You don’t join a company like DoorDash if you’re looking for a slow and steady pace. While I had done 100-hour weeks as an investment banker early in career, my life had changed. I had a family with three young kids. I wanted to prove that I could handle the startup life but I didn’t want to abandon the things that were most important to me. 

On my first day in the office, I tried to feel things out. Most employees were younger than me and didn’t have kids. Was there room for someone like me? How could I fit in? Many at DoorDash stayed late and ate dinner together so I decided to join them. After the meal, my manager pulled me aside and asked what I was doing. I explained my desire to build goodwill with the team. He pushed back, saying that he needed me for the long haul and that if I don’t find a way to manage work and family I wouldn’t last long. He knew my priorities and was there to support me. 

This conversation empowered me to set boundaries. I had a long commute so I committed to leaving the office at 5 pm every day so I could be home with my family for dinner. On the flip side, I would wake up early and get to work before everyone else. This schedule wasn’t easy but my wife and I partnered to make it work. We welcomed our fourth child while at DoorDash and I made time to serve in my church and in the community.  

Had I not made the commitment to leave by 5 pm I don’t think I would have lasted more than a year. Setting boundaries was essential. 

4) Pause before placing judgment 

Kevin Delaney tells the story of a farmer who lived in a village on the outskirts of a town. One morning the farmer went out to plow his fields and found that the gate of his stables was open and his only horse missing. The neighbor noticed the empty stable and commented, “What terrible luck that your horse has run away. How will you farm your fields?” The farmer replied, “It could be good, could be bad, who knows. But I’m sure it will all work out.” 

Later that afternoon the farmer was mending his fence, and he noticed a thundering rumble growing louder and louder. He looked up to see his horse charging towards the open pen, followed by a team of wild horses. In a matter of minutes, there were a dozen horses secured inside the yard. The neighbor couldn’t believe his eyes and exclaimed, “How lucky you are! Yesterday you had only one horse and now you have a dozen.” The farmer looked at the horses and replied, “It could be good, could be bad, who knows. But I’m sure it will all work out.”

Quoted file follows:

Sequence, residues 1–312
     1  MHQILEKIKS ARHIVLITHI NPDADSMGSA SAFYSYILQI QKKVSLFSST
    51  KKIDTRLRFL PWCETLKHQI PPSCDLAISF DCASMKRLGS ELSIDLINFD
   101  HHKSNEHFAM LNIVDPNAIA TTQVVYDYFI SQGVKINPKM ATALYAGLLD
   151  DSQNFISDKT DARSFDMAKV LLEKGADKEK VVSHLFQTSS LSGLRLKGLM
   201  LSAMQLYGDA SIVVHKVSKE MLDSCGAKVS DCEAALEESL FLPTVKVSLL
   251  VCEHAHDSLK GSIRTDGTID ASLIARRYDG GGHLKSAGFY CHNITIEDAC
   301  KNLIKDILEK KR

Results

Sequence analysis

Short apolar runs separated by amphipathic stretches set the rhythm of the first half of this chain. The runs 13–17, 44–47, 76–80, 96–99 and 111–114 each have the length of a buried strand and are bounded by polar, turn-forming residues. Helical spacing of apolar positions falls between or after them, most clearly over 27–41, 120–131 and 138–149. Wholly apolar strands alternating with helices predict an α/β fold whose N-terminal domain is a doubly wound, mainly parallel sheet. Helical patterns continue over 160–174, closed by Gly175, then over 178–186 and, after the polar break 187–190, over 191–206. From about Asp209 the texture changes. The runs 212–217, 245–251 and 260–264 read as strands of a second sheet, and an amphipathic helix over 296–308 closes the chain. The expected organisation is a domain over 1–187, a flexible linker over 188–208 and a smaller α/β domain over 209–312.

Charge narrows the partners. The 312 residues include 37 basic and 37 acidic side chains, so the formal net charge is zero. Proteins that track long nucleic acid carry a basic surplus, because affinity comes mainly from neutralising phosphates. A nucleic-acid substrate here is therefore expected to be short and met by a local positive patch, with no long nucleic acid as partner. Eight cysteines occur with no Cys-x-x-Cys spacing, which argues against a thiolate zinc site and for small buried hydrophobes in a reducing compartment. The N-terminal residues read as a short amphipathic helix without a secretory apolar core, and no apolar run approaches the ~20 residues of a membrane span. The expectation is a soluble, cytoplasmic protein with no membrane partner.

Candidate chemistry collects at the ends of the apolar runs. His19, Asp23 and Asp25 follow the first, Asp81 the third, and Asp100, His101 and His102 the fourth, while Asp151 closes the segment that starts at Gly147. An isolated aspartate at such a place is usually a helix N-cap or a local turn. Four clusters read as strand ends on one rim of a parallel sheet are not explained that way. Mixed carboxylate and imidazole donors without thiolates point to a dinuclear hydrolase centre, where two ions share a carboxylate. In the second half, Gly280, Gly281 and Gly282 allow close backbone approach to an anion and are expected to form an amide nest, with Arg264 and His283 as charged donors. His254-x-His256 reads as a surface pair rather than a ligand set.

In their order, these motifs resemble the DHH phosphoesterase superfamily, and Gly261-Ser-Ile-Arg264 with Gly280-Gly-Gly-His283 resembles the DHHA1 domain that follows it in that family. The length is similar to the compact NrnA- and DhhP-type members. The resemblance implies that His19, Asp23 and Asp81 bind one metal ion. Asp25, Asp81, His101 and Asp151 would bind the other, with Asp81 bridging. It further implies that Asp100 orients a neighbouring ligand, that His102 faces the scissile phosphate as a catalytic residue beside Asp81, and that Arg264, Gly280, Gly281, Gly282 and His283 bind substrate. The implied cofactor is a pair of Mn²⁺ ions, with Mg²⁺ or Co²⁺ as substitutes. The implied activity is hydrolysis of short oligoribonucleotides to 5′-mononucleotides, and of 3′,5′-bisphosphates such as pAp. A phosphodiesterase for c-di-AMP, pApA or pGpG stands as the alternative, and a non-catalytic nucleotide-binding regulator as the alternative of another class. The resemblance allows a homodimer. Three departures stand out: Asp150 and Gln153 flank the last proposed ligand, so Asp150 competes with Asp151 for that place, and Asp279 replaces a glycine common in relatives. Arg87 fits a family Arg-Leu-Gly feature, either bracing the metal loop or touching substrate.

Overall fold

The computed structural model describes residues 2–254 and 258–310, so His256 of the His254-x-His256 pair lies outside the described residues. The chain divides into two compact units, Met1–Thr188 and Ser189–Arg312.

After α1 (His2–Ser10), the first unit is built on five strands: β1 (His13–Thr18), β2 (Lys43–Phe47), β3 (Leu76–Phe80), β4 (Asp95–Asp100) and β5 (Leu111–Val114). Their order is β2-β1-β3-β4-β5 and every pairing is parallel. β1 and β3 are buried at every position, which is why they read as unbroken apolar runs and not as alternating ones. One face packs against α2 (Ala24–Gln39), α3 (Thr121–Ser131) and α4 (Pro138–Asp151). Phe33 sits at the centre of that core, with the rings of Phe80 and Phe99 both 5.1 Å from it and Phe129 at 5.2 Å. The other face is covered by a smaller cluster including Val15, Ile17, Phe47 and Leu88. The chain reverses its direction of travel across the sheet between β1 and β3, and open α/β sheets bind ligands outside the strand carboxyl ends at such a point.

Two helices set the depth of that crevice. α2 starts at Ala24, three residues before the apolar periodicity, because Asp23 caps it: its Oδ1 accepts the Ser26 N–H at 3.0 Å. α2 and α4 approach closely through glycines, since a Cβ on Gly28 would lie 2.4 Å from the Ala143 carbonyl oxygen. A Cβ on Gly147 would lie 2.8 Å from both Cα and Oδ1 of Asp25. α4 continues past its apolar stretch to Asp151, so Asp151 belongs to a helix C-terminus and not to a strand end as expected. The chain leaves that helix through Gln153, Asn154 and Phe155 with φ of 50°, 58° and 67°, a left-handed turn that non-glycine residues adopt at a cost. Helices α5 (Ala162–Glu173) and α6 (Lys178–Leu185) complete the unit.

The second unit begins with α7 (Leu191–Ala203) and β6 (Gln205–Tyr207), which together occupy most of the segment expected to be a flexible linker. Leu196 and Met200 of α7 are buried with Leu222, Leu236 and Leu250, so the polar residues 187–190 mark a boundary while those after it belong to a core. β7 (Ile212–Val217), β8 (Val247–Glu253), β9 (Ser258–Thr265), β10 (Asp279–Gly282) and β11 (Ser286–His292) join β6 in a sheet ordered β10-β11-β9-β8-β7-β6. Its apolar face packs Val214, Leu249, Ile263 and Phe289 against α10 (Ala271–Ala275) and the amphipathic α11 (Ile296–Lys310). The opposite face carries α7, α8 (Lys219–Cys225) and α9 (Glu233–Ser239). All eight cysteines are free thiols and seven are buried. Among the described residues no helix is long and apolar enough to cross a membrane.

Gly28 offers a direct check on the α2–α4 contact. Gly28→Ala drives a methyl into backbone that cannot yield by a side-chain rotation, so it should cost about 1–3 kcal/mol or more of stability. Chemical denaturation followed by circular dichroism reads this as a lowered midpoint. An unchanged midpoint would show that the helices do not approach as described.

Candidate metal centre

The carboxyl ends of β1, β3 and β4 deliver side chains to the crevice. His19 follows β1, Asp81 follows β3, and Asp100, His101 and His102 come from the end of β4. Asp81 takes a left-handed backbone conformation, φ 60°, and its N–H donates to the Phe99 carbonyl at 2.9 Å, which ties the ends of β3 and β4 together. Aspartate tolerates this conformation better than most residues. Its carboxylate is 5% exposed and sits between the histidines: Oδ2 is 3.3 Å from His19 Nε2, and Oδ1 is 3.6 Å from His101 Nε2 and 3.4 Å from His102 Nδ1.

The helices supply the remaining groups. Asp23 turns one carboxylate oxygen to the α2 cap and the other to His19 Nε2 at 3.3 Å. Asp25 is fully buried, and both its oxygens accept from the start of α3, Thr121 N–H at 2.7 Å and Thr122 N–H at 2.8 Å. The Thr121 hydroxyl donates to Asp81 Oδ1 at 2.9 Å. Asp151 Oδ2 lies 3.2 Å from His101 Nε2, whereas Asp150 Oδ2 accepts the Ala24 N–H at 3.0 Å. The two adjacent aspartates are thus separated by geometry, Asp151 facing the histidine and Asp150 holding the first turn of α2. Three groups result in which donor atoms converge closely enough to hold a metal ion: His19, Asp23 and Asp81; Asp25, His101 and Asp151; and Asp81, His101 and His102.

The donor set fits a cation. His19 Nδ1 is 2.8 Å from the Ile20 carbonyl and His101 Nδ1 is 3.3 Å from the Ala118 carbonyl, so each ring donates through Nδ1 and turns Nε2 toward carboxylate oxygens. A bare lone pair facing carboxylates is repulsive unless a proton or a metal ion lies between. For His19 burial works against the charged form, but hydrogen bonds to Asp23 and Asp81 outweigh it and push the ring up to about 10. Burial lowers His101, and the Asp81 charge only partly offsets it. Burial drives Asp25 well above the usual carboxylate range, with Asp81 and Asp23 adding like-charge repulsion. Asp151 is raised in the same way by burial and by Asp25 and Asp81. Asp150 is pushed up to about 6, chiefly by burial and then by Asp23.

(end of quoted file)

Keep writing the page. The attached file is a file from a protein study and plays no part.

The story continues with several events that initially appear bad immediately followed by one that appears good. The farmer refuses to pass judgment at the moment they occur. He knows that there’s no value in wasting precious energy in constant judgment. 

I’ve learned the same goes for our careers. During my time at DoorDash, countless things have happened (getting layered, new manager, team reorg, etc.) that on the surface seemed to negatively impact me. In the moment I’d get frustrated and start spiraling. On one occasion, I considered leaving the company. Most of these situations, though difficult in the moment, turned out to be just what I needed. 

Endlessly debating whether things are good or bad is a waste of time and energy. I’ve now sought to live by the motto: Come what may and love it. We can’t always control what happens to us, but we can control our mindset. 

The last four years at DoorDash have been an absolute roller coaster. We’ve come a long way, but we’re just getting started (yes, we’re still hiring!). I’m fortunate I’ve been able to be a part of the journey and grateful for the amazing people I work with. There’s nothing better than doing meaningful work with people you care about. 

Onward and upward.

This article was originally posted on Linkedin.

The Most Important Story You Will Ever Tell (Episode 14)

Click here to listen to the podcast version

The most important story you will ever tell is the story you tell yourself.

I’ll say that again, the most important story you will ever tell is the story you tell yourself.